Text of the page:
“All right, people,” Limis proclaimed to all her officers in the briefing. “We have just over sixteen hours. Let’s all get to work.”
Erhlich Tarlazzi was in the engineering lab staring into an electron microscope, encasing sub-dermal transport enhancers in a second layer of its metal alloy. Once the second layer had become solid metal, he scanned the device with a tricorder to make sure it was still detectable and its basic functioning was not compromised. He looked up from the microscope and loaded the tiny metal pellet into a hypospray vial when he saw the reflection of another person on a nearby console.
“Busy as usual, aren’t we?” Q rhetorically asked. “Would you still be so tied down in your work if you knew your ‘other half’ is with child?”
Tarlazzi scoffed and shook his head while turning his attention back to the job at hand. “What are you talking about?” he asked, certain his uninvited visitor was simply being a pest. He removed another metal pellet from a petri dish with a set of tweezers and placed it on the microscope tray.
Q walked over to the microscope station and seated himself in a chair, leaning on the table to Erhlich’s right. “Did your parents not sit you down and tell you how babies are made?” he quipped. “Your Andorian woman is pregnant.”
Tarlazzi stared into the microscope saying, “She would have told me if I had gotten her pregnant.”
“Oh, would she? Let’s examine her actions over the last few months, shall we? She forsakes her marital arrangements. Then she engages a Klingon captain in one of his race’s ritualistic sex romps, but then says she has no intention of marrying him. And now, like tribbles and Earth soap opera characters, she’s expecting so soon after hopping into bed with you. Or for all we know, that hulking Klingon is the daddy, and he’s even more the fool than you.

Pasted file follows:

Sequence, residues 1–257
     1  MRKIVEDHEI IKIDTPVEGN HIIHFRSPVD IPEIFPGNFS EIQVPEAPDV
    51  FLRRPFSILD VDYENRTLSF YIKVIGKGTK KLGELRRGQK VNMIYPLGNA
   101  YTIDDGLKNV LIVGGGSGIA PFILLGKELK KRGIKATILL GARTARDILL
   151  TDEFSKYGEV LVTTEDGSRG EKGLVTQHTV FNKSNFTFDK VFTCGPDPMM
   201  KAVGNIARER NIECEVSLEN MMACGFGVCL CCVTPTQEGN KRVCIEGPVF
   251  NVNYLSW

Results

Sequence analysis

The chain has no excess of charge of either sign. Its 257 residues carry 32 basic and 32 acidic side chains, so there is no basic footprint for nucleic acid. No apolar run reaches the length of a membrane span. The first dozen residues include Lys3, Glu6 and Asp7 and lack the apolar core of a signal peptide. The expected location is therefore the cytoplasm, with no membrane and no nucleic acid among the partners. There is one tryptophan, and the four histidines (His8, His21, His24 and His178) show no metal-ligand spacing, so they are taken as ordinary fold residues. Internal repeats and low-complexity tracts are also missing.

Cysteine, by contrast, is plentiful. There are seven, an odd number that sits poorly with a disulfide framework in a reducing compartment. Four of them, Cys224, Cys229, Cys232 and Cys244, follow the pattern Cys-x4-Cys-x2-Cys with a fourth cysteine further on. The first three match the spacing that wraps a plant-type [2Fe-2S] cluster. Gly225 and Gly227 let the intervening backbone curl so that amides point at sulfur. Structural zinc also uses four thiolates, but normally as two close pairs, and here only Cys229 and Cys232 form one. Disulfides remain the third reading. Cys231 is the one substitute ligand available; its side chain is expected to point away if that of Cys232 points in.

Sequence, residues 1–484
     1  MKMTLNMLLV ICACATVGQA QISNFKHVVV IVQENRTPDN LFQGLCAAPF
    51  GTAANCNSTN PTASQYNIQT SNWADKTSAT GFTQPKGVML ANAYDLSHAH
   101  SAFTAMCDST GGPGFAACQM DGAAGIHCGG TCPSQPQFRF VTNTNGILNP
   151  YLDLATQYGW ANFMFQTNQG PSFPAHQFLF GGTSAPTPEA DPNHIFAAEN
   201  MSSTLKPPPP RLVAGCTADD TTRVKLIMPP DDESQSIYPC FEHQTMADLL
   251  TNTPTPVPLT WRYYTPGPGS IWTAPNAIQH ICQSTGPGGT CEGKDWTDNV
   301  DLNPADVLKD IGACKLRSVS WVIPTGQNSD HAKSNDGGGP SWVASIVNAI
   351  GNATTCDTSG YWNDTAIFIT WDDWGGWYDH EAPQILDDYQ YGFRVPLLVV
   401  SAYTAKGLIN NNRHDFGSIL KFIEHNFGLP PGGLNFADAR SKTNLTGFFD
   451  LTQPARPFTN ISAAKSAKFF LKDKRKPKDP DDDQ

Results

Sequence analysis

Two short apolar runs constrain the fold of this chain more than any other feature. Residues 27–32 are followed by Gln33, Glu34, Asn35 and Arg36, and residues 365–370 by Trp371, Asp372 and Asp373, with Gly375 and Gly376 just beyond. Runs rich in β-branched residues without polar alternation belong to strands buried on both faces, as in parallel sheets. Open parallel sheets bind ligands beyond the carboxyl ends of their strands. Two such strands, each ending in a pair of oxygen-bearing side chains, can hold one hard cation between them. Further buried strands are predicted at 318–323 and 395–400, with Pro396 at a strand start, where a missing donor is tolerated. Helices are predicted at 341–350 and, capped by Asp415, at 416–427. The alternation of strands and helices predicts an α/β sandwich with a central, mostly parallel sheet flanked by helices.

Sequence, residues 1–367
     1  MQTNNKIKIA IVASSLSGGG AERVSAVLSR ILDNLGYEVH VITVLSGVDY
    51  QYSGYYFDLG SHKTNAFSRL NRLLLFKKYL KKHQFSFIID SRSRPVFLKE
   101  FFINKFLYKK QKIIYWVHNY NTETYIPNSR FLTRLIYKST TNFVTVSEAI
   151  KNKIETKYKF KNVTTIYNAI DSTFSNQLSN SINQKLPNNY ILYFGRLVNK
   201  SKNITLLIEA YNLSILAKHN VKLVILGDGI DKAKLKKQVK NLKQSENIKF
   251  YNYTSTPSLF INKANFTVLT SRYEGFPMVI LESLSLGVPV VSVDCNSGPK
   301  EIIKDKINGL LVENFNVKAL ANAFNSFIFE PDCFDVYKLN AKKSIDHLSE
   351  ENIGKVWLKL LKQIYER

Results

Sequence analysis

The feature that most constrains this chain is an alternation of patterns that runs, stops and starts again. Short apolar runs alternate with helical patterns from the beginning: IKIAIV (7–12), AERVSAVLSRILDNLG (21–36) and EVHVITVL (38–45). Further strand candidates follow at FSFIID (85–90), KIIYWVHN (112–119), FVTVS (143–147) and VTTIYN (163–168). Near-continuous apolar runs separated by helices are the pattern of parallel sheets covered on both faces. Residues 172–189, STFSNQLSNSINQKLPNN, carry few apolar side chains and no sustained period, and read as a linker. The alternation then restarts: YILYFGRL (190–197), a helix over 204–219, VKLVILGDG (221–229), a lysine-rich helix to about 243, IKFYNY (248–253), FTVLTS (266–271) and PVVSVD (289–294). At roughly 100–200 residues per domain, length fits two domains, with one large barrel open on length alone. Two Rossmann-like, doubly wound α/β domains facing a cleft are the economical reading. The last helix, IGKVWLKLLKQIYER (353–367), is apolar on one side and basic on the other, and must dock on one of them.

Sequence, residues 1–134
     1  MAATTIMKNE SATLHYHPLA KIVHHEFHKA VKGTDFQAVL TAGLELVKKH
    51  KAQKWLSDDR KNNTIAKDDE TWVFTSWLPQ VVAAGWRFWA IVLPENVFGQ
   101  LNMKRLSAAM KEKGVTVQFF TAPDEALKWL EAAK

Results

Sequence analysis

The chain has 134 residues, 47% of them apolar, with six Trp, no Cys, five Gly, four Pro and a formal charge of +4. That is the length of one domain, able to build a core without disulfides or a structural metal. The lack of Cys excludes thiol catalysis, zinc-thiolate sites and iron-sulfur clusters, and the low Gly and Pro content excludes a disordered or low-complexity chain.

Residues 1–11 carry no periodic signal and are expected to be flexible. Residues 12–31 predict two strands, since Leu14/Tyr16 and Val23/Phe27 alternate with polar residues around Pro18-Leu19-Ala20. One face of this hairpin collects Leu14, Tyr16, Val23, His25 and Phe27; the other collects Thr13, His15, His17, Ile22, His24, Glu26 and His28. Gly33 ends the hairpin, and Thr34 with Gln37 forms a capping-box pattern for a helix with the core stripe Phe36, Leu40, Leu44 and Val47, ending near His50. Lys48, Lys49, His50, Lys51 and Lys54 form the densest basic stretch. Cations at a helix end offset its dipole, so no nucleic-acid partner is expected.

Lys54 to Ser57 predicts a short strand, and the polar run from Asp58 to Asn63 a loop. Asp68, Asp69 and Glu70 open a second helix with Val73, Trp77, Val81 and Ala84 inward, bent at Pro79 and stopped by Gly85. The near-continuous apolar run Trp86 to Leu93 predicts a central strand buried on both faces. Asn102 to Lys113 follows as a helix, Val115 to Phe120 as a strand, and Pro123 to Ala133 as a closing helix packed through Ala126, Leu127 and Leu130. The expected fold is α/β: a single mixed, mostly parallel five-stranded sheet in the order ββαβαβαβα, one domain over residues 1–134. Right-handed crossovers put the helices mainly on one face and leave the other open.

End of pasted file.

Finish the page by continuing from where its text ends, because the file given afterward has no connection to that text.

Tarlazzi turned off the microscope and looked straight at Q. “The captain says you’re nothing but trouble,” he recalled of Limis’s announcement that this omnipotent individual was on board. “So whatever game you’re playing, find someone else to play it with.”
“This is no game, Tarzie,” Q replied, leaning in closer towards the lieutenant. “I’m a father who barely sees his child, so I can easily relate.”
Tarlazzi scoffed and then walked over to another console, trying to avoid being reeled into an argument with him. “Why would immortal beings need to procreate?” he wondered aloud.
“You’re right that there doesn’t seem to be any practical benefit. But members of my race can die. We lost a lot of our greatest minds during the recent civil war. Of course, at the rate that one of us dies, we are far from facing the possibility of extinction.”
“What do you want of me?” Tarlazzi demanded. “I’m busy right now, so can you cut to the chase?”